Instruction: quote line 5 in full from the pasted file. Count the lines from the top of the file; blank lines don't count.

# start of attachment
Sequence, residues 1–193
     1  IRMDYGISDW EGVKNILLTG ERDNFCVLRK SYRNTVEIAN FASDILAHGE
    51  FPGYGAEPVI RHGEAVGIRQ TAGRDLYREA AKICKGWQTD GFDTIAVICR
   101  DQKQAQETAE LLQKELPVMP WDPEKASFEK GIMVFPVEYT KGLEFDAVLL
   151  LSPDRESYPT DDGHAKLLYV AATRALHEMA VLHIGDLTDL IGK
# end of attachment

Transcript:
   151  LSPDRESYPT DDGHAKLLYV AATRALHEMA VLHIGDLTDL IGK